The Times Union
October 12, 2013
A state commission probing political corruption hits obstacles, including the governor.
The public deserves an unfettered, uncompromising investigation.
After just three months, there are unsettling signs that Gov. Andrew Cuomo’s Moreland Commission probing corruption in New York’s political culture is running out of steam.
An effort that began full of hope that it would embarrass lawmakers into reforming New York’s misdeed-tainted political system is instead in danger of becoming an embarrassment itself.
How did we get to this? How did a commission full of legal muscle — appointed by the governor with the state attorney general’s backing, loaded with district attorneys and other legal experts — end up seemingly as ineffective as the system it was supposed to expose?
Mr. Cuomo created the commission in July after the Legislature closed its session with no progress on campaign finance and election reform. It was hardly for want of ideas. There was a broad, solid proposal from the Senate Independent Democratic Conference, and some rather less comprehensive ideas from Mr. Cuomo and Assembly Democrats. But Senate Republicans again blocked the effort, unabashedly favoring the current sky-high contribution limits and abhorring public financing of campaigns.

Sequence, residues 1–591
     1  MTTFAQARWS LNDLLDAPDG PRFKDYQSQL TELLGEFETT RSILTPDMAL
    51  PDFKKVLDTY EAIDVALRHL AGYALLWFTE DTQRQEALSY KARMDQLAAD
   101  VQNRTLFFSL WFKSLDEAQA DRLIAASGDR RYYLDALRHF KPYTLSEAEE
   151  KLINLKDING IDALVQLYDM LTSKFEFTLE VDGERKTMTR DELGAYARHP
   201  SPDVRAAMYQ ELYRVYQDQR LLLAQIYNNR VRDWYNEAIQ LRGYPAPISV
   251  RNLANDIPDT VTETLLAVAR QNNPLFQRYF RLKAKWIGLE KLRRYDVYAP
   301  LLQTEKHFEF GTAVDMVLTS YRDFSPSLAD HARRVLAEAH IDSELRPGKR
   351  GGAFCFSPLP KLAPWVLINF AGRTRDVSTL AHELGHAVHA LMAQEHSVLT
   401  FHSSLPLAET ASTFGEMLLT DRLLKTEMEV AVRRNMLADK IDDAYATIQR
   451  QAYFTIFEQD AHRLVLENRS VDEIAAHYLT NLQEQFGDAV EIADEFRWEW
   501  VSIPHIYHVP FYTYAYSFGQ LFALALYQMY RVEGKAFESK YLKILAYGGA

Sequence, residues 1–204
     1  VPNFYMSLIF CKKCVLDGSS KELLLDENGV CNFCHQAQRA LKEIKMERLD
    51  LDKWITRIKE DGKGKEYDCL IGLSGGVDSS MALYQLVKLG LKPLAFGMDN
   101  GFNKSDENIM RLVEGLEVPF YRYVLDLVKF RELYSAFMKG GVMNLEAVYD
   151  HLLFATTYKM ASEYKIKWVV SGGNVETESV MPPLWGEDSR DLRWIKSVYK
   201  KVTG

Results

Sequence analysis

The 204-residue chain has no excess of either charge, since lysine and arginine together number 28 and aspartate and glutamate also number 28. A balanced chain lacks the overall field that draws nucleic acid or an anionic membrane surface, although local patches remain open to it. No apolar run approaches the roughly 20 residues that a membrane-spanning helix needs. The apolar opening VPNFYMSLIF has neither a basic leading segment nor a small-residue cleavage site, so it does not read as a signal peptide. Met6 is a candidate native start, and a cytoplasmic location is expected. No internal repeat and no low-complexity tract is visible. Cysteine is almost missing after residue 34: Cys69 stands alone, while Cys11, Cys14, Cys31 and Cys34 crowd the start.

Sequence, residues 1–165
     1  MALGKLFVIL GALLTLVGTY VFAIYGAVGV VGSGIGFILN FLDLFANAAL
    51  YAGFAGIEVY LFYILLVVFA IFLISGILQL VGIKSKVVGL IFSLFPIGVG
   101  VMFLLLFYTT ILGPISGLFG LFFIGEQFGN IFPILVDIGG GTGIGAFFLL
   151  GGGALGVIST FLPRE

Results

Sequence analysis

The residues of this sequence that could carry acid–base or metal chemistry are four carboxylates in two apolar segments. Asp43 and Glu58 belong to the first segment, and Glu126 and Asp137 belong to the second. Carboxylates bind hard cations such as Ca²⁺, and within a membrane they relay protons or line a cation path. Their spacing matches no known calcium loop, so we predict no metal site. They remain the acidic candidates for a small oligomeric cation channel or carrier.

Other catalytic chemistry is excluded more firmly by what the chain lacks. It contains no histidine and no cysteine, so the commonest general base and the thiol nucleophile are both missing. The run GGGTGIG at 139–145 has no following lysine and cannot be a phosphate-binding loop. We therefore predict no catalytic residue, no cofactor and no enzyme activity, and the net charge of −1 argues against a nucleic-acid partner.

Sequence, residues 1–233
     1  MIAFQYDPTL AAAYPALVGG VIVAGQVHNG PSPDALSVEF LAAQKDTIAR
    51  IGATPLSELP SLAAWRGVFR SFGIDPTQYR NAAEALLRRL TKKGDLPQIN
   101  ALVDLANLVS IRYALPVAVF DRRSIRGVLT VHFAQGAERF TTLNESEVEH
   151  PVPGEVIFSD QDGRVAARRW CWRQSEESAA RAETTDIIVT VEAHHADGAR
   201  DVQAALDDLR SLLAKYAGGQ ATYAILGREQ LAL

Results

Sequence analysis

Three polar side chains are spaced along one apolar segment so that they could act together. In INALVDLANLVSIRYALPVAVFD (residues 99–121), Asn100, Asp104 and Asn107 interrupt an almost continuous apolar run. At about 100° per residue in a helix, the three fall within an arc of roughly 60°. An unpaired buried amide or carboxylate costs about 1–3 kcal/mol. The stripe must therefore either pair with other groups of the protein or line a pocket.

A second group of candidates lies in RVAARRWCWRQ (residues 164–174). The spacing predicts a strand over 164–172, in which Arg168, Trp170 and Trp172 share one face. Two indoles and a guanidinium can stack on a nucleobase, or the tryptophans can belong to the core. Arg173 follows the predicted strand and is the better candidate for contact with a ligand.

Mr. Cuomo, meanwhile, was inexplicably unwilling to do what he had promised during his campaign — give the attorney general full authority to investigate and prosecute election law violations. Instead, keeping his own hand firmly on the wheel, he created a commission with the power to issue subpoenas and take testimony under oath; Attorney General Eric Schneiderman made every member a special deputy attorney general.
The panel was to investigate misconduct among public officials and recommend changes to election and campaign fundraising laws. It came on like gangbusters, with demands for information from lawmakers — many of whom are lawyers — about outside sources of income, including clients’ names. The Assembly and Senate balked, and the commission hasn’t pressed toward what could be a legal showdown.
The commission also began looking into hefty tax breaks for some real estate developers who were big donors to Mr. Cuomo’s campaign. Then came disturbing news reports that the commission pulled back subpoenas for some developers at the demand of the governor and his staff. Mr. Cuomo, it was reported, has overruled the commission’s co-chairs and tinkered with its upcoming recommendations.
Now comes word that the commission might give up after suggesting a constitutional amendment to create a system of public financing of campaigns — a process that would kick this can two to three years down the road, assuming the idea could get through a legislature that has already proven unable to pass it.
What gives, Mr. Cuomo?
As dismal as this all is, it may not be too late for this commission to succeed — if Mr. Cuomo can keep his hands off it, regardless of whose feathers get ruffled, and if the commissioners haven’t lost their vision of the original goal and their will to do something about it.
If not, Mr. Cuomo should be prepared to own a failure as embarrassing as the system he vowed to fix.